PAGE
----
B. Alcohol Poisoning
When in doubt always pick C. Isn’t that what they say?
Grocery stores had sold out of milk and bread since Thursday. Gold was being traded for shovels. Beer was in dangerously short supply. Everywhere there were whispers of the approaching storm. Perfect strangers bonding over talks of how many inches would accumulate, if there were enough cans of beans at home, and if indeed this was the end. The Blizzard of 2010 was about to show it’s fury and we were ready to endure.
It started snowing around noon on Friday. Flakes, still too minute to stick, had already spread panic as people abandoned their offices to get home before the Metro stopped. I sat in my cubicle, laughing at the bevy of people running about on the streets. What’s wrong with them, I thought. It’s just snow. But of course, it wasn’t just snow. It was a Blizzard. By the time I decided to leave for home, the streets were empty and the ground was covered in a thick white sheet. The flakes were now getting fatter, wetter, and faster. Why was I not panicking? Why had I not gone to the grocery store? Why was I still considering to go for a run once I got home? Indeed, something was wrong with me.
The only thing that kept me inside that night was the lack of clean running pants and a bottle of Bulleit Bourbon. I did a quick 3.5 on the treadmill before knocking on my neighbor’s door for some company. I was alone and bored at home, now the two of us were bored together. The Metro had quit early and there was no where to go on a Friday night. We sat and twiddled our thumbs and drank to the fury.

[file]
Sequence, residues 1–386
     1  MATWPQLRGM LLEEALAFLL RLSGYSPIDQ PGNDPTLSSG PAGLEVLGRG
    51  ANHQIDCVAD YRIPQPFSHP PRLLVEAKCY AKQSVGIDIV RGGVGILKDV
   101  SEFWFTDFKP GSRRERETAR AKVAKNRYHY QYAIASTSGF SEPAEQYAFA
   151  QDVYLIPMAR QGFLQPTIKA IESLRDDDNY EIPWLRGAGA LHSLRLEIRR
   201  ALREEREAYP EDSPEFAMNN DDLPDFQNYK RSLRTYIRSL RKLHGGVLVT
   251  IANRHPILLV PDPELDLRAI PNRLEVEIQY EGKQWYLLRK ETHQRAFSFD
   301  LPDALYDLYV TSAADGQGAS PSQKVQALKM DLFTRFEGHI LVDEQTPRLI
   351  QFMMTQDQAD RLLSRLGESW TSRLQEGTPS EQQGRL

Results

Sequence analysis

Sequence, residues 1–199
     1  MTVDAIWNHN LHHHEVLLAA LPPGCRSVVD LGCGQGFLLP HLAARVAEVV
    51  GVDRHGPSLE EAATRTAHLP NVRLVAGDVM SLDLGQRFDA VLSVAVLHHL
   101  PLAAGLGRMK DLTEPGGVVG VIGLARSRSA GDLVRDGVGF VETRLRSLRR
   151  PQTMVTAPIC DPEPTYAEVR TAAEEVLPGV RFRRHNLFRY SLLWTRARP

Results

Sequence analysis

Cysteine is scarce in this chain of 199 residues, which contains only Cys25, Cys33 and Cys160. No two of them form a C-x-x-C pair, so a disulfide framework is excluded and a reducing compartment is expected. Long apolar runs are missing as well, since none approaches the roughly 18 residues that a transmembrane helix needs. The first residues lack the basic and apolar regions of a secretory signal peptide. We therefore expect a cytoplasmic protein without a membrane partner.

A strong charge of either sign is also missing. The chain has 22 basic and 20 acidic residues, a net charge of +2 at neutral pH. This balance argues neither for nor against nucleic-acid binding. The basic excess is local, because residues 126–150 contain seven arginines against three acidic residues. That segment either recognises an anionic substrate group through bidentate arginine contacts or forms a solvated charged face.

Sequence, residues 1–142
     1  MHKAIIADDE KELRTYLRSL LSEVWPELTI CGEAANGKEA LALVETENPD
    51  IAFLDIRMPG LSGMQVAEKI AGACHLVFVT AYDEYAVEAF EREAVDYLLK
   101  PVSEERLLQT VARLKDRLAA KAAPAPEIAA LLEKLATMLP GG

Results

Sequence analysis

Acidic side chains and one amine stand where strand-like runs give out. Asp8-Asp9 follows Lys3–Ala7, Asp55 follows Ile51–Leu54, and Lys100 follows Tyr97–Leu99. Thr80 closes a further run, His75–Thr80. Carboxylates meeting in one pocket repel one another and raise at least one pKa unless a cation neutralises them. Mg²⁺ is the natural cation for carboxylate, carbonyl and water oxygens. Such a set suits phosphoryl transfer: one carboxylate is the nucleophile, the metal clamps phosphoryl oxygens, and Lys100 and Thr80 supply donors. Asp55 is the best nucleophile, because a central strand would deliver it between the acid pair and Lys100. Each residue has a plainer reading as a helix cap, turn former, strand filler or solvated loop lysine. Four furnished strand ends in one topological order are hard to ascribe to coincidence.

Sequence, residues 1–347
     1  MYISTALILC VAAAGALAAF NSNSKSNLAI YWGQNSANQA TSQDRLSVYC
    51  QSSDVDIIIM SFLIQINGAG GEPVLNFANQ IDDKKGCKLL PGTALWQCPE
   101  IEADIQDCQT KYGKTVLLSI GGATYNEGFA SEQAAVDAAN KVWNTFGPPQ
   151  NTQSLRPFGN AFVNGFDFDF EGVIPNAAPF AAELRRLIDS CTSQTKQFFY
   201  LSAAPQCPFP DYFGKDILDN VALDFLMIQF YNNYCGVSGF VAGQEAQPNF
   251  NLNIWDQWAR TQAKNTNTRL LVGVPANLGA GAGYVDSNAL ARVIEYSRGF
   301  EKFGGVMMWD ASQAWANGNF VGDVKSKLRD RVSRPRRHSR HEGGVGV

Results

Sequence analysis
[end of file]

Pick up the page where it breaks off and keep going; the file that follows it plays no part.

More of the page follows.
By dawn on Saturday, DC had transformed into Narnia. The quiet was eerie but fascinating. I again considered going for a run, but the pants were still unclean. Instead I paced about in the apartment trying to find something to do. After an hour or two I couldn’t take it anymore. I put on the dirty pants, my boots, and headed out. At first I shoveled my car just because I needed something to do. Then, I trudged in 2 feet of snow walked over to my old roommate’s apartment (they had lost power), then to Geeta’s and then down a few blocks to Annie and Steph’s. The storm had transformed me into a social butterfly.
Sunday I awoke to the kinda bright that only happens if you are dying or reaching nirvana. It had finally stopped snowing and the landscape was glowing, I saw tiny figures moving about from my balcony and decided that it was finally time to go for that run. I strapped on my shoes and headed down Beach Drive. RCP Trail was hiding under 27 inches of snow so I ran in the middle of the road.
Alas, I wasn’t the only one trying to rid the boredom. Staying cooped in for 2 days, most of the population of North Bethesda had gone either nuts or permanently drunk. Despite the terrible roads, they thought it was a good idea to drive around in their civics and get some fresh air. Beach Drive isn’t even a main road, yet people were sliding driving around at full speed. WTF. Furthermore, the sun was working it’s magic on the snow laden branches. Ice was dropping from over 30 feet in large chunks. Occasionally, a large branch would come down with it. More than once, plow trucks came around forcing me to step to the “side”. The side being non-existent, I would climb the mound of snow, then fall in it and then burrow my way out.
I ran a little over 7 miles. It was slow and painful. Once home I was happy to not have died. What a way to go!
If you think I am crazy to consider running in this weather, please read my neighbor, the Red Fox’s musings here.